Since its founding in 1922, Hoffman Construction has been building projects in the Northwest. L.H. Hoffman built schools and homes in Portland nearly a century ago, and as the regional population grew, so did his firm.
With $1.2 billion in revenue in 2016, the firm is the largest contractor in the region based on results from the ENR Northwest Top Contractors survey. The firm takes on many different project types, from small jobs to intricate and massive projects for Boeing and state and local governmental entities.
“Together, we’ve built airports, civic institutions, offices, apartments and data centers—you name it, we’ve built it. They are hands down one of the best contractors in the region,” says Dean Allen, CEO, McKinstry, an electrical contractor.
For its accomplishments, ENR Northwest has named Hoffman its Contractor of the Year.
Wayne Drinkward, CEO of Hoffman, says the firm’s workers are proud and excited to build structures that are important to the fabric of the community.
“We run [the company] for the employees. Not only as a stable financial base but for the challenge. Sometimes I am like a moth to the flame for things that are cool,” Drinkward says. “We’ve stayed real diverse in the work, though, so we don’t just do highly challenging work but also hospitals, light-rail stations, sports facilities and water treatment plants.”
Oak Harbor Clean Water Facility, in Oak Harbor, Wash., is currently underway. The $100-million facility will replace two plants and treat water using a membrane bioreactor process. Work is scheduled to end next year.
In Seattle, Hoffman is building, in a joint venture with Kiewit Corp., the first half of the $3-billion East Link extension for Sound Transit’s light rail system. Work on the seven-mile extension is challenging because it has to be done within the confines of the express lanes of Interstate 90 and on a floating bridge that spans Lake Washington, says Sound Transit.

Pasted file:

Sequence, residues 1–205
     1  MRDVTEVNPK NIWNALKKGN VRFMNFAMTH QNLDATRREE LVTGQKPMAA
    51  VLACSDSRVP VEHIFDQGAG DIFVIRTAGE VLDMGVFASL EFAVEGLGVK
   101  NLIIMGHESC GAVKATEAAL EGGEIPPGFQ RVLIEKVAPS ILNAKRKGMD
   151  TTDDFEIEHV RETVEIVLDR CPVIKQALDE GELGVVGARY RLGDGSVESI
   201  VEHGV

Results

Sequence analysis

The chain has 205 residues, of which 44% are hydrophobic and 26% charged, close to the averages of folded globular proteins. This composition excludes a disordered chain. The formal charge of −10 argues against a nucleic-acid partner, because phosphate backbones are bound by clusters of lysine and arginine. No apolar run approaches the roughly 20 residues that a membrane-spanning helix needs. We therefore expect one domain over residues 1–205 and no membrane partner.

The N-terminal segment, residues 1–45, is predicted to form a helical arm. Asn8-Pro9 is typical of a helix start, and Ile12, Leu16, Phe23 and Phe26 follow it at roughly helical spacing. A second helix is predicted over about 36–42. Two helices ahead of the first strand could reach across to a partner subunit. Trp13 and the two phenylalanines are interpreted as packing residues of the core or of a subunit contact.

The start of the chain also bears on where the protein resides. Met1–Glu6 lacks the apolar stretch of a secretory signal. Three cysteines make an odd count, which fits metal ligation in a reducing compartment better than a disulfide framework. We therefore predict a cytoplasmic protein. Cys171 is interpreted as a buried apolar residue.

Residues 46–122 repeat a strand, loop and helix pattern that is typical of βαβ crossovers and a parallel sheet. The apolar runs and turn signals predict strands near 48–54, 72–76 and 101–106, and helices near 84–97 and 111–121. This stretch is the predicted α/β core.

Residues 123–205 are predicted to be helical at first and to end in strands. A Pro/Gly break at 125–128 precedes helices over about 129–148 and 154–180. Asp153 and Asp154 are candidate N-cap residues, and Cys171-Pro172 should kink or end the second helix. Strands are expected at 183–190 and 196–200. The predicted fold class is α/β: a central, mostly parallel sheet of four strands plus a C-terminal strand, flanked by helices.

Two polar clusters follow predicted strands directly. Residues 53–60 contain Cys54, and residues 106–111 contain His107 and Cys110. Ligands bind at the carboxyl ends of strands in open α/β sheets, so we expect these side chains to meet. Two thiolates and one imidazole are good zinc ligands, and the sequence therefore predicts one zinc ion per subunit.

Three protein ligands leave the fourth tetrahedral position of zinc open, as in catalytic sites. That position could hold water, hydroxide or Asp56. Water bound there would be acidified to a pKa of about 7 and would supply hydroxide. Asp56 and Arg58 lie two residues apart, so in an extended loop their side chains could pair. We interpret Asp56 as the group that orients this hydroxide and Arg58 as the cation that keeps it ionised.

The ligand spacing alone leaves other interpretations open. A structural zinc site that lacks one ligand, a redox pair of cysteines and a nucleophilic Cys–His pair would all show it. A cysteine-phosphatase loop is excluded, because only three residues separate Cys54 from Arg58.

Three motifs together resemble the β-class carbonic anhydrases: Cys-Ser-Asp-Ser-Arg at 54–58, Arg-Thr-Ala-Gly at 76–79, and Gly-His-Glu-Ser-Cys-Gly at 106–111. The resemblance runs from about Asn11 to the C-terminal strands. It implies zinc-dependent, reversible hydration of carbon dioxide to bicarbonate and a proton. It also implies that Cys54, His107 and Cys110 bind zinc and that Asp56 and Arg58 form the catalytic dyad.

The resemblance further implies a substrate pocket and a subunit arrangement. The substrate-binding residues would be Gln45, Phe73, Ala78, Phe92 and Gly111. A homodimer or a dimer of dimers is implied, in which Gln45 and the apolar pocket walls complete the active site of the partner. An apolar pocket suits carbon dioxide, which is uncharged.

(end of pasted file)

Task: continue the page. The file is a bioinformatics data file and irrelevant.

In addition to infrastructure projects, the firm is known for its iconic cultural buildings in the Northwest. Hoffman built the Rem Koolhaas-designed Seattle Public Library’s Central Library and the Frank Gehry-designed Experience Music Project Museum, also in Seattle.
In April, the firm completed work on $33.5 million worth of improvements to Portland’s Japanese Garden. The project, which included educational facilities and event spaces, was designed by Japanese architect Kengo Kuma.
Later this year, Hoffman will begin a $100-million renovation of Seattle’s Space Needle.
Hoffman has been active in the Northwest for nearly a century. With each ownership transition, the contractor has grown, Drinkward says. The first transition was in the 1960s, from founder to his son, followed in 1967 by the addition of Cecil Drinkward, Wayne’s father, as a partner.
“Cecil Drinkward basically remade Hoffman into a major commercial builder,” says his son.
In 1992, the elder Drinkward and Eric Hoffman sold the firm to the employees, which set a tone that continues. “When people become owners, even a little piece, it changes the bond,” says Wayne Drinkward.